Next up on the New York Giants NFL Draft Diaries is a kid from Wisconsin named T.J. Watt, not to be confused with J.J. Watt.
T-minus 5 days until the 2017 NFL Draft and the pre-draft hype is escalating by the minute. Here at ESNY, we’ve been covering potential draft prospects for the New York Giants, who select 23rd in the First Round.
Today, we’ll be looking at Wisconsin defender T.J. Watt. Does his last name sound familiar? It should.
T.J. is the younger brother of three-time Defensive Player of the Year J.J. Watt, who spends his time terrorizing quarterbacks for the Houston Texans.
The question remains, “Is T.J. Watt as good as his older brother?” No. However, is anyone in the NFL at their prime as good as J.J. Watt is? You’d probably get the same answer.
Let’s take a look at T.J., removing the family heritage from the equation. How is Watt as a player? Let’s find out.
The numbers speak for themselves. Watt only played one full season as a starter and put up monster stats: 63 tackles, 15.5 tackles for loss and 11.5 sacks, against top end competition in the Big Ten. Not too shabby for a guy who was a reserve backer the year before.
Watt has a terrific motor and will give unrelenting effort on every play. He’s got great length and terrific hand movement and has a very high football IQ. Additionally, he’ll be able to use his brother as a resource to help improve his pass rushing skills.
One of the more encouraging things about Watt is his room for improvement, as stated by a midwest area scout for an AFC team (according to NFL.com):
“He looked a lot stronger and a lot more confident on tape this year. He needs to get bigger, but he’s already a strong guy. I can see him standing or playing base end for a 4-3 team. He’s going to keep getting better.”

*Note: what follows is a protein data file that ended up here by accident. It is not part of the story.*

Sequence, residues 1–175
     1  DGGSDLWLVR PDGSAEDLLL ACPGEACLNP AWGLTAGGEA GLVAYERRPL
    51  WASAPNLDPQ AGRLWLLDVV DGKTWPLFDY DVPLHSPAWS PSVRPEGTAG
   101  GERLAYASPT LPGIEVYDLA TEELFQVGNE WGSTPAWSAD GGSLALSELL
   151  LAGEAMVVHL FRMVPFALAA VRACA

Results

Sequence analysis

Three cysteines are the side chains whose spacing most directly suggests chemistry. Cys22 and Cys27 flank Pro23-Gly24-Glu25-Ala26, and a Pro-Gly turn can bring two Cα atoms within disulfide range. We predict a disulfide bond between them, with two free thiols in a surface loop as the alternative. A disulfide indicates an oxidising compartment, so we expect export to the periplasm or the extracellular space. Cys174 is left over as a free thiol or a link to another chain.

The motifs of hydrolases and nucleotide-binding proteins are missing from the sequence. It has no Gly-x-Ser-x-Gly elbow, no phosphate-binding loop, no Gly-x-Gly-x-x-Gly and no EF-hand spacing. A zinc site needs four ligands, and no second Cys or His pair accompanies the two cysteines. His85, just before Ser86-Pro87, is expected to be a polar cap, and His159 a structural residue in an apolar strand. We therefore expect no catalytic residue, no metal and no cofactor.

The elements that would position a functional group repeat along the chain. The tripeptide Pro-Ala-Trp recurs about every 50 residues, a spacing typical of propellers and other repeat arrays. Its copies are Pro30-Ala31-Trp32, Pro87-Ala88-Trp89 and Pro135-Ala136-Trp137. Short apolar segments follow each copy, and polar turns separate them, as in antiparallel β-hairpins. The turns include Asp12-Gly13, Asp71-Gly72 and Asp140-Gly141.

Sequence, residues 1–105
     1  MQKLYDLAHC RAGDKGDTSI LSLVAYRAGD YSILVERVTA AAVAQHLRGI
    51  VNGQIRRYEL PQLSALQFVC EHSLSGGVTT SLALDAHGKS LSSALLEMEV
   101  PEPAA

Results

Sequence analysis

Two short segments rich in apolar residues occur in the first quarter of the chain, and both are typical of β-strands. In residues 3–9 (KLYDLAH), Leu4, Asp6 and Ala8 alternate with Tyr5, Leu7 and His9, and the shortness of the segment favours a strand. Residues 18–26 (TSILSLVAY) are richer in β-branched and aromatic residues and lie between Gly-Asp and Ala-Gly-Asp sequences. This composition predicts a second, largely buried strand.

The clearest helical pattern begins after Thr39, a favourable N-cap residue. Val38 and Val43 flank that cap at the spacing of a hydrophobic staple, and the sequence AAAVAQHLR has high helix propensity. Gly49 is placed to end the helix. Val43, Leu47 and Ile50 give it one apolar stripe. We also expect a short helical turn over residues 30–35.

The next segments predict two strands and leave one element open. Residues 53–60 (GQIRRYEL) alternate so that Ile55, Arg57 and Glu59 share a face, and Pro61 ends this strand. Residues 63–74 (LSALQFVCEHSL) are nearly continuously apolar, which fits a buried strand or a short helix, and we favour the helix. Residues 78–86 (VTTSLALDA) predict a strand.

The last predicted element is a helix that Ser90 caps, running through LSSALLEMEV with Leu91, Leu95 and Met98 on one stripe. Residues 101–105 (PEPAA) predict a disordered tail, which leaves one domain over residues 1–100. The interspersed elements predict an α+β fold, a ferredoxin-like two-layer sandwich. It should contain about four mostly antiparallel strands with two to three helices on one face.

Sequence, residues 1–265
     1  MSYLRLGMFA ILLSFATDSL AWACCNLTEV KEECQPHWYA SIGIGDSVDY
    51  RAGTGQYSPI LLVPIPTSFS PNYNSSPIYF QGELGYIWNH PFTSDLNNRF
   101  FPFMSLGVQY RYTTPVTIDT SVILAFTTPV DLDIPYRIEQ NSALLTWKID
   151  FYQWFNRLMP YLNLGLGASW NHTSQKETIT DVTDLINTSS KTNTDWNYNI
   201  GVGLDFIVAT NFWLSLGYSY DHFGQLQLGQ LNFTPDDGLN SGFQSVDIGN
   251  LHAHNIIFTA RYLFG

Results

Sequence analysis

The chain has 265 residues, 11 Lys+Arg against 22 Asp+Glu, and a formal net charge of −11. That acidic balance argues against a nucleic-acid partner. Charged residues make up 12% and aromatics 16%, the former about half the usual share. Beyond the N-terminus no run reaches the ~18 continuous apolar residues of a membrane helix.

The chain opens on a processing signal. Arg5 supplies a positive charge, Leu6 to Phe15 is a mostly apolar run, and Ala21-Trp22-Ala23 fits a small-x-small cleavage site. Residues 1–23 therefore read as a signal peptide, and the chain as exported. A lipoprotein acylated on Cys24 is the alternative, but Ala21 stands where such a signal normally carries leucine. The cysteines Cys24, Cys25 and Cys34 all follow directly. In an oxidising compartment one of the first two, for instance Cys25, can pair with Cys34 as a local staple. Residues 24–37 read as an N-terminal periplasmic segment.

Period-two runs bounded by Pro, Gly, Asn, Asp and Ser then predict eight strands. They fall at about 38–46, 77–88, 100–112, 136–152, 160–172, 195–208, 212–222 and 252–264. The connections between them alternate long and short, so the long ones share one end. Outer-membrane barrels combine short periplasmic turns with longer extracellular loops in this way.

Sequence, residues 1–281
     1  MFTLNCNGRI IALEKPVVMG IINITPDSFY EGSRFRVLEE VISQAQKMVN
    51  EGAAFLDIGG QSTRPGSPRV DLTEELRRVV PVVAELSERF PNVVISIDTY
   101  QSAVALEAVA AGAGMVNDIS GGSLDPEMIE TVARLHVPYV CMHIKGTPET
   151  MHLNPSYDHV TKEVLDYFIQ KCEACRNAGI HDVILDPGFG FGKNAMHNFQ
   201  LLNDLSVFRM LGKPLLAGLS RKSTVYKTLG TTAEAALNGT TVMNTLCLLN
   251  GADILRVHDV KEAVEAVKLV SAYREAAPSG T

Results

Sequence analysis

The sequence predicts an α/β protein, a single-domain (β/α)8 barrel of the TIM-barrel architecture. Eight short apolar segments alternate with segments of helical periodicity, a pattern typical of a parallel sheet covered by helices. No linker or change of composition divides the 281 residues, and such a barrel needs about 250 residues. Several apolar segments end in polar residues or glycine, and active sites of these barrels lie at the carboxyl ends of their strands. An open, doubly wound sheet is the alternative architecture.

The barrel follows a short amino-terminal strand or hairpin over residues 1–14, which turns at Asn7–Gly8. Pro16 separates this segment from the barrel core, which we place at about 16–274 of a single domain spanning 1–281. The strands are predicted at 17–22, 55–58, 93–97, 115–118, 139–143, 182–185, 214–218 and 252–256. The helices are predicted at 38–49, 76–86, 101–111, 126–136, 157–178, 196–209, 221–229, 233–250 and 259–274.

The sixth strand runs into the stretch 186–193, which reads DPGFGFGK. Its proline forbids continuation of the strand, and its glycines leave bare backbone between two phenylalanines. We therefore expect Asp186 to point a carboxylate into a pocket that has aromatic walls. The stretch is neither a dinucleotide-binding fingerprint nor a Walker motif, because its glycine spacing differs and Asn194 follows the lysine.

If Watt has the potential for improvement and has the work ethic to get it done, he could be a smart selection for the Giants, who could use a new outside linebacker.
Injuries have been a concern for Watt in the past– he only played as a full-time starter in his final season, after tearing up his knee in Wisconsin’s 2015 Spring Game.
Watt also is pretty limited athletically. He isn’t particularly explosive, he doesn’t have terrific acceleration, his footwork is decent at best, and he’ll struggle to power rush. Watt projects as a plus run defender, according to NFL.com, but he will struggle to effectively pass rush at the next level.
Should the Giants Draft TJ Watt?
In the second round, absolutely. He projects as a late first/early second rounder, and the Giants would be extremely fortunate if Watt fell to them in the second round. As an outside linebacker, he’ll give 100% on every play. He’ll be a productive run defender and a decent pass rusher.
However, Watt’s low ceiling might suggest that a first round selection is not justified. The Giants might be better suited going for a pass rusher like Taco Charlton, or another position of need. Watt plays a position that isn’t a top need, and he isn’t talented enough by himself to be a good first round pick.